Section 8
Chapter 7,460

Influence of soil type crop management and weather on the recovery of nitrogen 15 labelled fertilizer applied to winter wheat in spring

Powlson, D.S.; Hart, P.B.S.; Poulton, P.R.; Johnston, A.E.; Jenkinson, D.S.

Journal of Agricultural Science 118(1): 83-100


ISSN/ISBN: 0021-8596
Accession: 007459408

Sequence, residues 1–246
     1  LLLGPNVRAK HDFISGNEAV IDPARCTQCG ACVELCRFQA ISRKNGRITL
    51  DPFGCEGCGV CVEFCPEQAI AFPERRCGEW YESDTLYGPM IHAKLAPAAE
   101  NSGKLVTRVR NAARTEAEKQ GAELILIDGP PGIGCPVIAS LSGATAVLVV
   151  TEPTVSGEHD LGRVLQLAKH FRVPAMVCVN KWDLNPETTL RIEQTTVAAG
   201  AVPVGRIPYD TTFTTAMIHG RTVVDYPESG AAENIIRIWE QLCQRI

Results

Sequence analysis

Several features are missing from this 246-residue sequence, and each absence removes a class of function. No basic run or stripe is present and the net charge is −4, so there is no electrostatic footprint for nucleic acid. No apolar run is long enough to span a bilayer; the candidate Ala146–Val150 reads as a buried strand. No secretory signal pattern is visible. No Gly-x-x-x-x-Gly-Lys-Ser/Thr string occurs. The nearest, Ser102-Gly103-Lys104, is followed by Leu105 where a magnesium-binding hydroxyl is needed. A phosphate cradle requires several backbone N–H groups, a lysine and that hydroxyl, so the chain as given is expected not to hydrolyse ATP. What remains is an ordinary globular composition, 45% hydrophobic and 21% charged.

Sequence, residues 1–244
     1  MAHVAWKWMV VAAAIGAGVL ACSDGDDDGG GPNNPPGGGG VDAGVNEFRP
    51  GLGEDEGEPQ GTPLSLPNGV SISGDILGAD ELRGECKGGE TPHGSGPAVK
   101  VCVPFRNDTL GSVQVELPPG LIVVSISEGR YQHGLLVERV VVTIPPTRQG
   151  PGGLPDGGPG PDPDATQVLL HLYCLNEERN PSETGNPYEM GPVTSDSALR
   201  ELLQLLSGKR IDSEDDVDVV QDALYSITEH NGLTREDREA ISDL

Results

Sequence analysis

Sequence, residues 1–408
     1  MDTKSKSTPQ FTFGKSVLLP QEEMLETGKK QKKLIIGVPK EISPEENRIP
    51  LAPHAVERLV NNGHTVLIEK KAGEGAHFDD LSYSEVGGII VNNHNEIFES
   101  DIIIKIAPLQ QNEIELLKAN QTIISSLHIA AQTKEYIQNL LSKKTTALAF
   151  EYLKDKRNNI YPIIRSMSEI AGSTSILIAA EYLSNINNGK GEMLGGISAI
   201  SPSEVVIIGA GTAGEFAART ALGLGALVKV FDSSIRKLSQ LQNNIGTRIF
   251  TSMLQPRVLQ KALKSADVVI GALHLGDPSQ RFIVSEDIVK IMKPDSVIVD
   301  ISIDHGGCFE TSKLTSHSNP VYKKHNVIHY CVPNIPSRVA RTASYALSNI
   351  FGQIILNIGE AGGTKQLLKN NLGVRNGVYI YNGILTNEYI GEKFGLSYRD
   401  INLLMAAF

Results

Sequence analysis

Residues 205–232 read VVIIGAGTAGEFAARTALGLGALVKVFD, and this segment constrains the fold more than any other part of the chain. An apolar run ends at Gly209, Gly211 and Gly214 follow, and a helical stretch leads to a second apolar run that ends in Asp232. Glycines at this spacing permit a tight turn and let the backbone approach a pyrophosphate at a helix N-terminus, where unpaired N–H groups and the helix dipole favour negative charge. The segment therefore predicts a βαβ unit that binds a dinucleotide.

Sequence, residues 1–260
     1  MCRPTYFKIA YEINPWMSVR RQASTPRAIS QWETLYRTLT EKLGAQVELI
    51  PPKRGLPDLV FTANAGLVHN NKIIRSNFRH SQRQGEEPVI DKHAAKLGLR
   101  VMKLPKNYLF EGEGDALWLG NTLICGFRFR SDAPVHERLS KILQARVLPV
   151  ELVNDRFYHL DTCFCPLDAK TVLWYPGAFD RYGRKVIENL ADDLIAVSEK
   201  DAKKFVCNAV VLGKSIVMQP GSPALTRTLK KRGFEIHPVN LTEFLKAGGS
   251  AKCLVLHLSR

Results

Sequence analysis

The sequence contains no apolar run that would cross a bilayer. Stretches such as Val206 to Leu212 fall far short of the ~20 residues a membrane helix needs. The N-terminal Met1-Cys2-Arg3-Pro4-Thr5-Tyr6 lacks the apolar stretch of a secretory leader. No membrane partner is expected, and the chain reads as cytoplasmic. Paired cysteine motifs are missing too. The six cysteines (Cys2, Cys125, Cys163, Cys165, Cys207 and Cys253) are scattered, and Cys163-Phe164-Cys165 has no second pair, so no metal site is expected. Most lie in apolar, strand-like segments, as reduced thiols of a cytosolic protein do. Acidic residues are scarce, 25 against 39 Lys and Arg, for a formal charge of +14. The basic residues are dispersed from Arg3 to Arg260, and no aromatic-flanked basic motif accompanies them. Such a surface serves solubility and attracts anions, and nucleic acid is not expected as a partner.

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15N-labelled fertilizer was applied, in spring, to winter wheat crops in nine experiments in eastern England over a period of 4 years. Five were on Batcombe Series silty clay loam, two on Beccles Series sandy clay loam (with a mole-drained clay subsoil) and two on Cottenham series sandy loam. In three of the experiments, different rates of fertilizer N were applied (up to 234 kg N/ha); in the others, a single rate (between 140 and 230 kg/ha) was used. Recovery of fertilizer in the N above-ground crop (grain, chaff, straw and stubble) ranged from 46 to 87% (mean 68%). The quantity of fertilizer N retained in the soil at harvest was remarkably constant between different experiments, averaging 18% where labelled N was applied as 15NH415NO3, but less (7-14%) where K15NO3 was applied. Of the labelled N present in soil to a depth of 70 cm, 84-88% was within the cultivated layer (0-23 cm). Loss of fertilizer N from the crop:soil system (i.e. labelled N not recovered in crop or soil at harvest) varied from 1 to 35% (mean 13%). The magnitude of loss was influenced much more by weather than by soil type or past cropping. Combining data from these and earlier experiments, the regression L70 = 5(.+-. 1.63) + 0.264 (.+-. 0.0352)R3 accounted for 73% of the variation in the data where: L70 = percentage loss of fertilizer N from the crop:soil system, defined as percentage of labelled N not recovered in crop or in soil to a depth of 70 cm at the time of harvest; R3 = rainfall (in mm) in the 3 weeks following application of N fertilizer. There was a tendency for percentage loss of fertilizer N to be greater when a quantity of N in excess of that required for maximum grain yield was applied. However, a multiple regression relating loss both to rainfall and to quantity of N applied accounted for no more variance than the regression involving rainfall alone. In one experiment, early and late sowing were compared on the first wheat crop that followed oats. The loss of N from the early-sown crop, given fertilizer N late in spring, was only 4% compared with 26% from the latter-sown crop given N at the same time, so that sowing date had a marked effect on the loss of spring-applied fertilizer N. Uptake of unlabelled N, derived from mineralization of organic N in soil, autumn-applied N (where given) and from atmospheric inputs, was < 30% kg/ha on a low organic matter (0.08% total N) sandy soil but > 130 kg/ha when wheat followed potatoes or beans on soil containing c. 0.15% total N. Unlabelled N accounted for 20-50% of the total N content of fertilized crops at harvest. About 50% of this unlabelled N had already been taken up by the time of fertilizer application in spring and the final quantity was closely correlated with the amount present in the crop at this time. Applications of labelled fertilizer N tended to increase uptake of unlabelled N by 10-20 kg/ha, compared to controls receiving no N fertilizer. This was probably due to pool substitution, i.e. labelled inorganic N standing proxy for unlabelled inorganic N that would otherwise have been immobilized or denitrified.

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